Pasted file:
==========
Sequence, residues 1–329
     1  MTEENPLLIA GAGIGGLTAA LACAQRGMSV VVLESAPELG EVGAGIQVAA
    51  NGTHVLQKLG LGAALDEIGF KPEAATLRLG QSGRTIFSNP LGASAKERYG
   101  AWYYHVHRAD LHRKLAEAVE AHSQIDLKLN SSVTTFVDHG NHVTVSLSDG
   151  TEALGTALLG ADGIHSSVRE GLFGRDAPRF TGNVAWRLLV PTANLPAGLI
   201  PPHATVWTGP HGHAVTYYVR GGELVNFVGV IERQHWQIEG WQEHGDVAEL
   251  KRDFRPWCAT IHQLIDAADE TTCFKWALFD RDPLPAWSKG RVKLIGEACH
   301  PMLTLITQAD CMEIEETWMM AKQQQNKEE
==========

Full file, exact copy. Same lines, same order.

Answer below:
Sequence, residues 1–329
     1  MTEENPLLIA GAGIGGLTAA LACAQRGMSV VVLESAPELG EVGAGIQVAA
    51  NGTHVLQKLG LGAALDEIGF KPEAATLRLG QSGRTIFSNP LGASAKERYG
   101  AWYYHVHRAD LHRKLAEAVE AHSQIDLKLN SSVTTFVDHG NHVTVSLSDG
   151  TEALGTALLG ADGIHSSVRE GLFGRDAPRF TGNVAWRLLV PTANLPAGLI
   201  PPHATVWTGP HGHAVTYYVR GGELVNFVGV IERQHWQIEG WQEHGDVAEL
   251  KRDFRPWCAT IHQLIDAADE TTCFKWALFD RDPLPAWSKG RVKLIGEACH
   301  PMLTLITQAD CMEIEETWMM AKQQQNKEE